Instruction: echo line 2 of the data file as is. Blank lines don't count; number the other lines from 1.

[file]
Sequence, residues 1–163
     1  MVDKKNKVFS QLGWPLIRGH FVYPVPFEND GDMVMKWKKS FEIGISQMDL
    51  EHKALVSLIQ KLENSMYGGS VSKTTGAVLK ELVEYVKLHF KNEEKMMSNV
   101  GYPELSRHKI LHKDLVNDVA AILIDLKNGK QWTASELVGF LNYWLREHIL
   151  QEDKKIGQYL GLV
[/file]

     1  MVDKKNKVFS QLGWPLIRGH FVYPVPFEND GDMVMKWKKS FEIGISQMDL